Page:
11 ways to use A/B testing to improve the UX of online forms

How many times have you filled out an online form, only to be frustrated by the experience? I’m assuming often, as I’ve frequently found basic UX errors in online forms that increase user friction and exit rates.

This blog looks at 11 things you should be testing on your online forms to improve completion rates and customer experience. Please note I’m writing this from experience of form optimisation on a wide range of B2B and B2C ecommerce websites, where the data has done the talking, it’s not just a heuristic evaluation.

Before testing, ensure your web analytics is configured correctly to track and measure form interactions. A few quick pointers:

  • Are you tracking form field errors?
  • Are you measuring form completion rates (based on each step of the form)?
  • Are you using segmentation to explore user type, device and browser variations?
  • Do you use a form analysis tool like Formissimo?

Let’s jump into your testing opportunities.

1. Form length and structure

How many fields are optimal to balance form completion rates with data capture? Ecommerce and CRM teams want data to help with customer analysis and marketing campaigns but the more data you try and capture via form, typically the greater the drop-off.  Short is sweet for online forms, but you should test the trade-off of adding more fields to find your sweet spot. I’ve experienced some brands with customers who are more willing to share data than others, so it’s dangerous to make hard and fast rules.

You can also explore different form structures, for example a simple one-column layout vs. using two-columns on desktop to separate different types of data capture. You can also test displaying all elements of the form on page load, or keeping elements hidden until they’re required.

What you can test:

  • Increasing the number of required fields e.g. capturing phone number as part of the registration form
  • Increasing the number of optional fields e.g. asking for date of birth and other profile information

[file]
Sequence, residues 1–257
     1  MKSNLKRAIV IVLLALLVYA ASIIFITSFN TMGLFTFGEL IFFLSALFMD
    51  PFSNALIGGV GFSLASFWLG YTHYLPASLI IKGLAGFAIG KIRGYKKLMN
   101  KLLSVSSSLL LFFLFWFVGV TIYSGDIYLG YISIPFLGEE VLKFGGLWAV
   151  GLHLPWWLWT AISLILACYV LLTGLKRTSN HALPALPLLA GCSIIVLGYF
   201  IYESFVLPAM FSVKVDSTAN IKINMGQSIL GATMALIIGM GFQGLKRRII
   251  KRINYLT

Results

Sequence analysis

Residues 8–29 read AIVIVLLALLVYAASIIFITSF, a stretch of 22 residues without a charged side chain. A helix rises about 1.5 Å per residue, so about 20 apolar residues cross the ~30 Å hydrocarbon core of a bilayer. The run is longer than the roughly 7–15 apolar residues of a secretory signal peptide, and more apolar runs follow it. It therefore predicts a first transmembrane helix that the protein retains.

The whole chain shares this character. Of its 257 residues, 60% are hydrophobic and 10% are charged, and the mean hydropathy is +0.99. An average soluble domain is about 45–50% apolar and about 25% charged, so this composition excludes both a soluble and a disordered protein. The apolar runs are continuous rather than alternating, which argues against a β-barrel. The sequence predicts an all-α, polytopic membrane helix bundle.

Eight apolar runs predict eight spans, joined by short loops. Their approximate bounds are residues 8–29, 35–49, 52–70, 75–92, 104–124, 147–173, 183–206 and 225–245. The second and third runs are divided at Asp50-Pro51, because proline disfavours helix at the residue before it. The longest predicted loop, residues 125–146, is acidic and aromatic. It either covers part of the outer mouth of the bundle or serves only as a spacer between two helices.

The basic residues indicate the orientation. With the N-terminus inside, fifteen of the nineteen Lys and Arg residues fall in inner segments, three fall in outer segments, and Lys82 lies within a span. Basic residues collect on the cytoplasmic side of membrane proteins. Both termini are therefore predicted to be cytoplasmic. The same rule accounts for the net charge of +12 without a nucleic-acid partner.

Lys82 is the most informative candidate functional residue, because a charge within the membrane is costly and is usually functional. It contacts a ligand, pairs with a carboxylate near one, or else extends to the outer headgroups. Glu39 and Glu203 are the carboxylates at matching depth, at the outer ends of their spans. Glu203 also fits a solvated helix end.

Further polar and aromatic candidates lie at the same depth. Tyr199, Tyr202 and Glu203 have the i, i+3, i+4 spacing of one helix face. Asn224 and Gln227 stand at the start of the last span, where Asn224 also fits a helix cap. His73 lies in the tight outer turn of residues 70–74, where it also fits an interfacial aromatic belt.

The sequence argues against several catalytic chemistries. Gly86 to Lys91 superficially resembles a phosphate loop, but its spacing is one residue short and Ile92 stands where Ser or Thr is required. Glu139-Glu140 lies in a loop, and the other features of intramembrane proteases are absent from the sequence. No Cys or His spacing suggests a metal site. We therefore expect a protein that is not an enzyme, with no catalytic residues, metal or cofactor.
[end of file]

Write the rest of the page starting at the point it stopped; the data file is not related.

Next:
• Show the entire form vs. show only the first section, then sequentially reveal other sections as the user progresses.

AO.com, often heralded for its ecommerce UX prowess, previously used a one-page checkout where form sections are enabled based on the user’s progress. It now has a multi-step checkout with progress bar, so it has clearly been testing checkout form structure. It does use sequencing to reveal additional data capture fields based on user selections, for example if you select Home Delivery, the address look-up fields then appear:



2. Label alignment

I’ve read several studies on how label alignment impacts form completion. I think there’s a risk of over-complicating this, hence the value of A/B testing. Current good practice indicates that form labels should be placed above the field and left aligned, rather than to the side or within the field. In-field labeling has been popular on mobile because it reduces the spacing to ensure more fields are visible on page load, however the risk is that once the user has started typing in a field, the label disappears so the contextual prompt disappears.

What you can test:

  • Place the label above or to the side of the field
  • Place the label inside the field and remove it when the user selects the field
  • Different label formats g. change the font, font size, colour, style (bold vs. italic)

3. Error messaging

Error messaging provides contextual prompts to users to help them correct field errors. These messages need to be user-friendly and provide clear instructions of what the customer needs to do next.

Test different copy styles and message location, for example: